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Friday, May 8, 2020


The pseudohermaphrodite is an individual with the gonads of only one sex but with genitalia (internal and external) and secondary sex characters exhibiting sexual ambiguity. Such a simple classification of intersex is based purely on phenotype or morphology, without regard to genetic etiology. Factors that contribute to such disordered development include (1) gene mutations, (2) abnormal maternal hormonal influences, and (3) abnormal hormonal influences from the embryonic gonad, adrenal, or other endocrine organ. The type and degree of disordered development depend on the intensity and timing of these influences during embryonic life.

Male pseudohermaphrodites have varying degrees of female internal or external genitalia but have gonads that are testes. Although genetically male, they are often raised as female; the onset of puberty with growth of the penis, hair, and voice change usually precipitates the medical evaluation for intersex. Simple penile hypospadias is a very elementary form of male pseudohermaphroditism. In more severe forms, müllerian structures can develop to various degrees, and in most instances a bifid scrotum appearing as labial folds co ceals a rudimentary blind pouch or well-developed vaginal cavity. The testes may lie intraabdominally, within the canal, or may have descended into a bifid scrotum. When the sex of the infant is unclear, exploratory surgery and gonadal biopsy to determine gonadal as well as genetic sex is advisable during infancy. Most male pseudohermaphrodites develop emotionally as males during puberty, which has led clinicians to perform gender correction procedures before puberty, including release of penile chordee, construction of a penile urethra, orchiopexy and, in some instances, excision of the vagina, uterus, and fallopian tubes.
Milder forms of male pseudohermaphroditism include Klinefelter syndrome (47,XXY; 48,XXXY and mosaics), Kallmann syndrome (gonadotropin-releasing hormone deficiency and anosmia), micropenis, and distal hypospadias. Aphallia is a birth defect in which the penis or clitoris is congenitally absent. It is a rare condition, with fewer than 100 cases reported. Its cause is not entirely clear, but it appears to be due to a failure of the fetal genital tubercle to form between 3 and 6 weeks after conception. Anatomically, the urethra opens on the perineum. Although aphallia can occur in both males and females, it is considered more troublesome in males and engenders controversy about the role of gender reassignment surgery.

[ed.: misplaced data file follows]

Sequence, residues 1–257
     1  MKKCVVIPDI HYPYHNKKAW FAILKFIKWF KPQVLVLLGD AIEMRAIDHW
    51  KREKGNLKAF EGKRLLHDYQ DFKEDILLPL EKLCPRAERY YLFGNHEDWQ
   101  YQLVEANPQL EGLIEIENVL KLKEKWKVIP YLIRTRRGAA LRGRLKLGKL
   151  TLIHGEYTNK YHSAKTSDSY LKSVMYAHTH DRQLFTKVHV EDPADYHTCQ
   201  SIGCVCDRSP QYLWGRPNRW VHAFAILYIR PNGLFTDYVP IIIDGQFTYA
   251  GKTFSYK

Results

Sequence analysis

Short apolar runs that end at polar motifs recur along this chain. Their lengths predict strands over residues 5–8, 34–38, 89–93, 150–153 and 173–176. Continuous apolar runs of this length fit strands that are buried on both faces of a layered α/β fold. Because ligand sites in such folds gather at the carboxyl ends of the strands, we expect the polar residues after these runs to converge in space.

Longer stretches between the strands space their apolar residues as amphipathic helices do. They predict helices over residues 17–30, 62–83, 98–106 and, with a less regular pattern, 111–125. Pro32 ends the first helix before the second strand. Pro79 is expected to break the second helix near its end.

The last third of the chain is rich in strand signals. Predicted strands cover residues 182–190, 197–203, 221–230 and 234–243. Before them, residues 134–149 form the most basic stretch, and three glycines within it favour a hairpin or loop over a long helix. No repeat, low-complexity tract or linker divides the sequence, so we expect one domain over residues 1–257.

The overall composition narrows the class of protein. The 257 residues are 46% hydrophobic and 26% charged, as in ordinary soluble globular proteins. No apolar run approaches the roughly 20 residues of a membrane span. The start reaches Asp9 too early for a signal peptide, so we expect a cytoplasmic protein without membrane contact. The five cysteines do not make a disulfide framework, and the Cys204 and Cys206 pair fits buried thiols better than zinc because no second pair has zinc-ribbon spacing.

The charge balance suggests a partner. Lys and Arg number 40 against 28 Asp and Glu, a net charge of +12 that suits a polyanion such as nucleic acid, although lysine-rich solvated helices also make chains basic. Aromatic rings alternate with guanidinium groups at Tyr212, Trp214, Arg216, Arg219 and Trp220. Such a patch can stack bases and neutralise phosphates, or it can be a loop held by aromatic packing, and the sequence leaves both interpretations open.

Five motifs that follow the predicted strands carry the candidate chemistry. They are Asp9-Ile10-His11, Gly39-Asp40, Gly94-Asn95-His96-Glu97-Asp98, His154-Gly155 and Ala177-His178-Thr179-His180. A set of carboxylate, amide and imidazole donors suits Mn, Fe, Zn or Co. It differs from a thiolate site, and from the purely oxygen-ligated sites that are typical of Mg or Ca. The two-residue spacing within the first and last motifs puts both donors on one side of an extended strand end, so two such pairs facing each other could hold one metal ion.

There are several forms of gonadal dysgenesis that may also result in male pseudohermaphroditism. The term pure gonadal dysgenesis describes conditions with normal sex chromosomes (e.g., 46,XX or 46,XY), as opposed to gonadal dysgenesis in which the genetic constitution involves missing or truncated sex chromosomes. (e.g., Turner syndrome, 45,X). Mixed gonadal dysgenesis involves a genetic mixture of sex chromosomes (e.g., 46,XY/45,X). In this condition, there is a streak gonad that develops on one side, with a partially developed testis on the opposite side, and it can be associated with ambiguous genitalia. Importantly, streak gonads with Y chromosome–containing cells have a high likelihood of developing cancer, especially gonadoblastoma. In Swyer syndrome, an example of 46,XY pure gonadal dysgenesis, there is atypical formation of both gonads early in gestation. In complete gonadal dysgenesis, the gonads do not function at all, resulting in a female appearance of the external genitalia. In partial gonadal dysgenesis, the testes function, but not at normal levels, resulting in a male with ambiguous genitalia. Because the adrenal glands can make small amounts of androgens and are unaffected, pubic hair develops in most patients, although it often remains sparse. In complete forms such as Swyer syndrome, the diagnosis is often made due to delayed puberty. A karyotype reveals XY, and pelvic imaging demonstrates a uterus (no müllerian inhibiting substance present) but no ovaries (streak gonads are not usually seen). The absence of breasts and the presence of a uterus exclude the possibility of androgen insensitivity.
Another condition, 5-α-reductase deficiency (5- ARD), can be observed in phenotypic females with a normal male karyotype. It is characterized by an absence of the enzyme 5-α-reductase, which converts testosterone to dihydrotestosterone (DHT). DHT is the primary androgen needed for the normal development of male external genitalia during development. Without DHT, prenatal genital development results in a female appearance. Individuals with 5-ARD can have normal male external genitalia, ambiguous genitalia, or normal female genitalia. They are born with testicles and wolffian structures but usually have female sex characteristics.
Because of the normal action of müllerian-inhibiting substance produced by the testis in utero, individuals with 5-ARD lack a uterus and fallopian tubes. Consequently, they are often raised as girls and may develop a female gender identity. Because male puberty depends more strongly on testosterone than on DHT, puberty will be virilizing unless the gonads are removed or a blocking medication is used. As a consequence of virilization at puberty, gender identity issues may result in adulthood. Phenotypic girls will also have primary amenorrhea.
Individuals with 5-ARD are generally capable of producing viable sperm. In individuals with feminized or ambiguous genitalia, there is a tendency toward a macroclitoris or microphallus. This structure may be capable of ejaculations as well as erections; however, assisted reproduction is necessary as intercourse may not be possible.

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